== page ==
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Holt v. West Virginia-American Water Company

Holt v. West Virginia-American Water Company

Case No. 
13-0744
Opinion Date: 
6/11/2014
Opinion Author: 
Per Curiam
Decision 
Affirmed
Vote: 
4-1
Facts 

This case arises out of a billing dispute with the defendant, a PSC-regulated utility.  In December, 2009, the plaintiff received a bill that was $5,000 in excess of his average monthly bill.  The plaintiff contacted the defendant and the PSC regarding the excessive bill.  The PSC conducted an inspection, concluding that the problem was with the defendant’s meter and not with the plaintiff’s line.  The defendant repaired the meter, but failed to inform the plaintiff or make any reimbursement.  Instead, the defendant continued to bill for the full $5,000 and to impose late charges.  Eventually, the plaintiff filed a formal complaint with the PSC.  Only then did the defendant refund the overcharge.

The defendant’s delay in informing the plaintiff of the meter repair also prevented the plaintiff from learning of a secondary leak in his own line.  The defendant charged for this leak too, including late charges, but the PSC found these charges were improper and ordered full reimbursement.  However, the PSC also concluded that it lacked power to award any damages for the defendant’s wrongdoing.

The plaintiff then brought suit against the defendant under West Virginia’s consumer law, specifically W.Va. 46A-6-104, alleging unlawful acts or practices relating to the defendant’s billing.  The defendant argued that W.Va. Code 46A-1-105(a)(3) excluded any claim by the plaintiff.  The trial court agreed.

 

Issue 

Does W.Va. Code 46a-1-105(a)(3), which excludes “transactions under public utility…tariffs” from the scope of West Virginia’ consumer law, prohibit a claim by a consumer against a public utility alleging consumer law violations in its billing practices?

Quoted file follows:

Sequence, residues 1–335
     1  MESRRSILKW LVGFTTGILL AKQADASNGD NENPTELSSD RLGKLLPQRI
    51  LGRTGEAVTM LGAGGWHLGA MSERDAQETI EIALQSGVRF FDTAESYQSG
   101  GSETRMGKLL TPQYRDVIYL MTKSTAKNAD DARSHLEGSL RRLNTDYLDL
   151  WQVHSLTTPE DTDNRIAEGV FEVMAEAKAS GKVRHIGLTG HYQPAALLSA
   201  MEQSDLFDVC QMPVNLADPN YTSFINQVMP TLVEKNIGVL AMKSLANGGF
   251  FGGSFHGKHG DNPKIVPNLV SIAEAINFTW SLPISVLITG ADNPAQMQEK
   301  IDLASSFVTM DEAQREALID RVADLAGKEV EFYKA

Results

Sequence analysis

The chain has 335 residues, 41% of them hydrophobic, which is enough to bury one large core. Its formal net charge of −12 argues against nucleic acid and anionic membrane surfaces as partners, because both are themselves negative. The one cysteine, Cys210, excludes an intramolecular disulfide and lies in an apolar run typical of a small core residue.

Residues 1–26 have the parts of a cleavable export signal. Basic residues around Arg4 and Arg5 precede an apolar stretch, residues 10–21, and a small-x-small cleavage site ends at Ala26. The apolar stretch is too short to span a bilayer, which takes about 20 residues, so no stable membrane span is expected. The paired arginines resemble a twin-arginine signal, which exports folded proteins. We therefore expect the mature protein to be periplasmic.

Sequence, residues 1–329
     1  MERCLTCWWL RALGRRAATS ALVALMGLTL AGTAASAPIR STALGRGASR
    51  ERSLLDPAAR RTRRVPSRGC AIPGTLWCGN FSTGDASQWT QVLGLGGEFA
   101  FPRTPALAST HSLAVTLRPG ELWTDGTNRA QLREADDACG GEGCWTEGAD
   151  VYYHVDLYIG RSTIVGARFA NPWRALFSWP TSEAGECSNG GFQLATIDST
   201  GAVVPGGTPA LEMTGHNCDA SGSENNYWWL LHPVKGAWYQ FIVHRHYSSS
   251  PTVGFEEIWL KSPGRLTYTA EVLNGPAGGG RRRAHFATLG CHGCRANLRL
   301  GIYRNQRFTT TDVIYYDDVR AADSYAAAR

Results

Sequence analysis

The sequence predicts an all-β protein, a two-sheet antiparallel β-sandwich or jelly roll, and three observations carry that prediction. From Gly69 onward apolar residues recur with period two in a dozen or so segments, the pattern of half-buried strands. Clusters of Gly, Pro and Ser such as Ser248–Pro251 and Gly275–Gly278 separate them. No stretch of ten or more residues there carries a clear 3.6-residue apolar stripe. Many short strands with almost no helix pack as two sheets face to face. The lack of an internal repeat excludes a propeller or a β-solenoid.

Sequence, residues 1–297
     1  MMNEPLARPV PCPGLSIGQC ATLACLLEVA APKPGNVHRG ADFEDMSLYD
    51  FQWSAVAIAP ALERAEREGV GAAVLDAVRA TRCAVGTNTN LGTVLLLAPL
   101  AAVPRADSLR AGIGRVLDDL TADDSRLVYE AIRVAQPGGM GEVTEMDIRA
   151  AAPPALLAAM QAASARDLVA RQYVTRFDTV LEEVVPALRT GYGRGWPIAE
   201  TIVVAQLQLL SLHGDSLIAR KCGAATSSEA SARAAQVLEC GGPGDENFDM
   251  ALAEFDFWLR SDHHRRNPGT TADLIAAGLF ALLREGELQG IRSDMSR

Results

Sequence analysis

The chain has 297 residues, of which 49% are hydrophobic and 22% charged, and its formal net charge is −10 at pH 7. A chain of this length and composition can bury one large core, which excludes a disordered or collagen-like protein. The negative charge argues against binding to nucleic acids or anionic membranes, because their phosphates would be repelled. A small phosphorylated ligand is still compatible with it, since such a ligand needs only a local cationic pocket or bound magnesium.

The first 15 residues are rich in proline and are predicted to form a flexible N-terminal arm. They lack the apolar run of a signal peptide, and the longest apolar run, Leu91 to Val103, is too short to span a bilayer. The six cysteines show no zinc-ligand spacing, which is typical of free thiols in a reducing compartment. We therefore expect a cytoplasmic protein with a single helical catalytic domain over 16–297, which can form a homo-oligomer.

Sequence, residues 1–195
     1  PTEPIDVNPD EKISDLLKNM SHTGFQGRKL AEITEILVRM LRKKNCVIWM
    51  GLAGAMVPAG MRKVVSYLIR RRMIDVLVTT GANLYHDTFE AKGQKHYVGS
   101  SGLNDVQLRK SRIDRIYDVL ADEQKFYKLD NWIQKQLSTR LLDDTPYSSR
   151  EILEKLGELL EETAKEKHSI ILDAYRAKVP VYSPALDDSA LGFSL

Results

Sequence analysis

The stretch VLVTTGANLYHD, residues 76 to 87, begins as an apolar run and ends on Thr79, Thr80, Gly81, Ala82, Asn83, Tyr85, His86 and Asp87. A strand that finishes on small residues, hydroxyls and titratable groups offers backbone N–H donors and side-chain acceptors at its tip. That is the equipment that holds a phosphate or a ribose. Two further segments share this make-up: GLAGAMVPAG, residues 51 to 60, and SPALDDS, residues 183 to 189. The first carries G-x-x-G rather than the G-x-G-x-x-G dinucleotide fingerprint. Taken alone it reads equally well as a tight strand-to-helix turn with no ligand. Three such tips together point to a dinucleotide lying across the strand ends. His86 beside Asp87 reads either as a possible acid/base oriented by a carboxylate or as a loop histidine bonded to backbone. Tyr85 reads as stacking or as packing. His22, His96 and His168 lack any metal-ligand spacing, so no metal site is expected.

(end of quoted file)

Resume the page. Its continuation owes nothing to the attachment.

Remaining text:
Analysis 

This case appeared on the Rule 20 docket.  However, the court issued a per curiam opinion, treating this as a straightforward case of statutory construction.

West Virginia has adopted the Consumer Credit and Protection Act, W.Va. Code 46A-1-1 et seq.   The purpose the CCPA is to protect West Virginia consumers from improper, unfair and deceptive practices.  Under the CCPA, consumers are given a wide range of legal remedies and, in most cases, they can recover their attorney fees and costs if they prevail.

The key issue addressed by the court was whether the plaintiff’s claims involved “transactions under public utility…tariffs.”  W.Va. Code 46A-1-105(a)(3).  If so, the claims would be excluded from the CCPA and the plaintiff would have no statutory remedy for the defendant’s improper billing practices.

The plaintiff argued that the statute’s language was ambiguous.  The CCPA did not define what a public utility “tariff” was or what transactions fell “under” a tariff.  Thus, the plaintiff urged the court to construe this language narrowly to give the greatest possible protection to consumers.  The plaintiff conceded that consumers should not have the right to challenge PSC-approved rates and charges through the CCPA, but anything beyond that, including a public utility’s improper, unfair, or deceptive practices, should be covered by the CCPA.

The Supreme Court disagreed, flatly rejecting the argument that the language in question was ambiguous: